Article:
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ARS Home » Northeast Area » Beltsville, Maryland (BARC) » Beltsville Agricultural Research Center » Animal Biosciences & Biotechnology Laboratory » Research » Publications at this Location » Publication #390197

Research Project: Novel Integrated Nutrition and Health Strategies to Improve Production Efficiencies in Poultry

Location: Animal Biosciences & Biotechnology Laboratory

Title: Altered gene expression of selected matrix metalloproteinase system proteins in the broiler chicken gastrointestinal tract during post-hatch development and coccidia infection

item HRABIA, ANN - Agricultural University Of Poland
item Miska, Kate
item Schreier, Lori
item Proszkowiec-Weglarz, Monika

Submitted to: Poultry Science
Publication Type: Peer Reviewed Journal
Publication Acceptance Date: 3/31/2022
Publication Date: 4/9/2022
Citation: Hrabia, A., Miska, K.B., Schreier, L.L., Proszkowiec-Wegla, M.K. 2022. Altered gene expression of selected matrix metalloproteinase system proteins in the broiler chicken gastrointestinal tract during post-hatch development and coccidia infection. Poultry Science.

Interpretive Summary: The goal of our study was to investigate the expression of genes and proteins that function in processing the extracellular matrix in the intestinal tract of normally developing chickens, and those under stressful conditions like delay in access in feed, and infection of the gastrointestinal tract. The extracellular matrix is very important for proper functioning of organs because it serves as a scaffold for organ specific cells allowing for cell to cell communication, separation between tissues, and biochemical processes. Broiler chickens are grown primarily for meat production, and in most cases, newly hatched chickens do not have access to feed for up to 72 hrs. This practice is due to uneven hatching times, the process of sexing and vaccinating chicks, as well as transport to grow-out facilities. Once placed in farms the young birds encounter other stressors, like exposure to pathogens. In most poultry farms the presence of Eimeria parasite in poultry litter is endemic. These parasites invade the cells of the gastrointestinal tract, causing decrease in weight gain, diarrhea, anorexia, which result in economic losses to the poultry farmer. Stressful conditions such as delay in access to feed and infections of the gastrointestinal tract can lead to disturbances and changeover of the extracellular matrix, and the cellular machinery which controls it. In the current research we determined that most of the genes encoding proteins that modify the extracellular matrix decreased over time, and the delay in access to feed did not significantly affect the expression. Using microscopic tissue sections were we able to localize these proteins in the muscle layers, villi, and blood vessels of the small intestine. In chickens that were infected with Eimeria parasites, the intestine showed significant changes in gene expression at days 7 and 10 after infection. Both increases and decreases in gene expression were observed. During Eimeria infection the tissues of the intestine are disrupted by the parasite invasion, so it is not surprising that the components of the system that regulate the extracellular matrix undergo changes. Further research is needed to determine the exact nature of these changes.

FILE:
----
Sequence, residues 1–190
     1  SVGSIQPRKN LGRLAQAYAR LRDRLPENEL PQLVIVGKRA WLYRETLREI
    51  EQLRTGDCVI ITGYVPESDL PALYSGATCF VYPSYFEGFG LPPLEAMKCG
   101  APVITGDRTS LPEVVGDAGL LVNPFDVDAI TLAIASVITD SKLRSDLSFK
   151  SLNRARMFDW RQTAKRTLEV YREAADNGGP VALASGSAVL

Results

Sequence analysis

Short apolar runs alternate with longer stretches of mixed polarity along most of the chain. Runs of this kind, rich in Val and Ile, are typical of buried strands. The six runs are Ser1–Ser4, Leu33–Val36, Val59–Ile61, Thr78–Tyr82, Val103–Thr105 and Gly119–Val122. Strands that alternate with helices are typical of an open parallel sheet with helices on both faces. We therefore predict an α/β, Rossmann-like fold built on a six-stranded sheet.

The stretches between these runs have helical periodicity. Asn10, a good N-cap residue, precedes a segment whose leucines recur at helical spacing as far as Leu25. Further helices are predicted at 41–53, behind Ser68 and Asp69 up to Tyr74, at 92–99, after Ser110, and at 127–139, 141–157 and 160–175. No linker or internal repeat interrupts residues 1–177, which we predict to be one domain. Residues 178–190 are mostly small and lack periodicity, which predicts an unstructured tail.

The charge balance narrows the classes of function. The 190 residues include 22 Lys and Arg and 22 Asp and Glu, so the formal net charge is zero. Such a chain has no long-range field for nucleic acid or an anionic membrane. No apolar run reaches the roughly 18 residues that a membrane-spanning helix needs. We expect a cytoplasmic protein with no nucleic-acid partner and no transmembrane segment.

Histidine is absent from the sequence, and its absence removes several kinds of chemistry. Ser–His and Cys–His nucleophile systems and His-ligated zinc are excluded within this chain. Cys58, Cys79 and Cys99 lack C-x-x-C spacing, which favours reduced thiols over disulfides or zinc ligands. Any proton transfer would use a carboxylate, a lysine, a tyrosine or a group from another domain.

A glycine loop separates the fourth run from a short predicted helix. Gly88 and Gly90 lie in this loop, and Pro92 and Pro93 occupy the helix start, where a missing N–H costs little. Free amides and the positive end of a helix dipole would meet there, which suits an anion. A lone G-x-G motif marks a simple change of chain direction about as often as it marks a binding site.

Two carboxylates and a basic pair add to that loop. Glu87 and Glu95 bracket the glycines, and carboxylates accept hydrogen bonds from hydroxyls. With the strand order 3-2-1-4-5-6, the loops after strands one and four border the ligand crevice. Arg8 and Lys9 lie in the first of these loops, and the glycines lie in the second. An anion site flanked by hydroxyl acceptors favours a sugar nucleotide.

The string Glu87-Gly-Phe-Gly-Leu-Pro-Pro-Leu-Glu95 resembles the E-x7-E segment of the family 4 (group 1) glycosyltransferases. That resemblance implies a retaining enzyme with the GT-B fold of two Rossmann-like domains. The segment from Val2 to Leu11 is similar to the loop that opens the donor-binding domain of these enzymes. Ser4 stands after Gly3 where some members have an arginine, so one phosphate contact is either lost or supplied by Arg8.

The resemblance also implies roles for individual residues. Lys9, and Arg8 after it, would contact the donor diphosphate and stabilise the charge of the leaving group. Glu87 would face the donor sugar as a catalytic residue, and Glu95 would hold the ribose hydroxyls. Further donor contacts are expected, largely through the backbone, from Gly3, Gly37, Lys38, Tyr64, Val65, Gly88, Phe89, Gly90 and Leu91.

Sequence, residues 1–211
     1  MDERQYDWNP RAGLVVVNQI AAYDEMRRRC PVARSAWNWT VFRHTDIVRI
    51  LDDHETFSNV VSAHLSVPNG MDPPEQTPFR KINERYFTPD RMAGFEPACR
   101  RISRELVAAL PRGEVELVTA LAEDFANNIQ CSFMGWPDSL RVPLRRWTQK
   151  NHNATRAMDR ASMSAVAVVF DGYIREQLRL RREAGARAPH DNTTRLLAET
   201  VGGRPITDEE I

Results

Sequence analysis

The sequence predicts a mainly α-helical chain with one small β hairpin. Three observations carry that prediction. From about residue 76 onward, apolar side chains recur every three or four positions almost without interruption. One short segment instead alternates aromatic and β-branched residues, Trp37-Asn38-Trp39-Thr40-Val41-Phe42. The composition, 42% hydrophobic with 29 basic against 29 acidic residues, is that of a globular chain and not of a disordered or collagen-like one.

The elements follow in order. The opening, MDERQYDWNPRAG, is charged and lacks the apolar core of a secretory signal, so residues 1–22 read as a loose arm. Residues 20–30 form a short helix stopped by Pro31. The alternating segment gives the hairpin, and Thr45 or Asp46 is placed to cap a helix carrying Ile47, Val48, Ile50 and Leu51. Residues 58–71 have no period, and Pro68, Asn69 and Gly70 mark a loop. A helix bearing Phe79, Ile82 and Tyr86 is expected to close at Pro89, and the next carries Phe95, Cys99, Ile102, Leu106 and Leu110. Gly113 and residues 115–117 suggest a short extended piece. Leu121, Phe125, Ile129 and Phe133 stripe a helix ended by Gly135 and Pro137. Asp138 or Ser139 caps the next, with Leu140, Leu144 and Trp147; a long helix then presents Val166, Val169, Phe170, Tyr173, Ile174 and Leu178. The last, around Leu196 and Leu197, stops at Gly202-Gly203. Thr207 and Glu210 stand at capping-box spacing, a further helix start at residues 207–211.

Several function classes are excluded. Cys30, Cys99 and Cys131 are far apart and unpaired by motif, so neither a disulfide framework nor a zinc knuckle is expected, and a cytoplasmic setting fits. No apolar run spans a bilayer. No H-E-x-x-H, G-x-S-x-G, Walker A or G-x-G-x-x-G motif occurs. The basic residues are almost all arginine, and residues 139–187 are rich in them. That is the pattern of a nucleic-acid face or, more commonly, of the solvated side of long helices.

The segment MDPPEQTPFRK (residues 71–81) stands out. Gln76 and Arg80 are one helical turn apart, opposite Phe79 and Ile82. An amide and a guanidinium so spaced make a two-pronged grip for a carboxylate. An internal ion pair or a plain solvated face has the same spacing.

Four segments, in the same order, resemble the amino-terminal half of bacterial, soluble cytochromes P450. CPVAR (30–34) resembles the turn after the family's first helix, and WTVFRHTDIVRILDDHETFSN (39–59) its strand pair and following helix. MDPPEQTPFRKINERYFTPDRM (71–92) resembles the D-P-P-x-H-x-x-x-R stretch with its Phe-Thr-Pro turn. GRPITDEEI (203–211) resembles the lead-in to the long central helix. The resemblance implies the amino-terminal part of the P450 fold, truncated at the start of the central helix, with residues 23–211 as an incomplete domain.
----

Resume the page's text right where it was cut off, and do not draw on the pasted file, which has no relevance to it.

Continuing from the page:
Technical Abstract: Matrix metalloproteinases (MMPs) are a family of proteases, that can process extracellular matrix (ECM) components and non-ECM molecules. MMPs can also function intracellularly in proteolytic and nonproteolytic functions. The participation of MMPs in the remodeling of the chicken gastrointestinal tract is largely unknown. The aim of the present study was to examine (1) the early neonatal developmental changes and effect of delayed access to feed immediately post-hatch (PH) and (2) the effect of Eimeria infection on mRNA expression of selected MMPs, their tissue inhibitors (TIMPs), and ADAM metallopeptidase with thrombospondin type 1 motif 8 (ADAMTS8) in the gastrointestinal tract of chicken. In addition, MMP and TIMP proteins were localized in the ileal wall by immunofluorescence. In experiment 1, newly hatched Ross 708 chicks received feed and water immediately PH or were subjected to 48 h delayed access to feed. Chickens were sampled at -48, 0, 4, 24, 48, 72, 96, 144, 192, 240, 288, and 336 h PH. Ileum was collected for investigation of gene expression or fixed in paraformaldehyde for immunofluorescence. In experiments 2 and 3, Ross 708 male broilers were infected, at 21 d of age with Eimeria maxima or E. acervulina or sham-infected with water. Intestinal tissues were collected at 7 and 10 d post-infection for gene expression analysis. In general, mRNA expression patterns of all examined genes showed downregulation during the first 2 wk PH and were not affected by delay in feed access. This degree of development-dependent changes in expression and tissue-dependent localization in the ileum of selected MMPs and TIMPs point to the significance of these molecules in the orchestration of chicken intestinal tissue turnover during PH development. Overexpression of MMP-7 and MMP-9 transcripts in the intestine of Eimeria infected birds suggests an important role for these enzymes in the process of tissue remodeling and destruction in pathological conditions. The findings of this study are important for understanding the relationship between the expression of the MMP system and intestinal development, as well its role in gastrointestinal infection and subsequent recovery.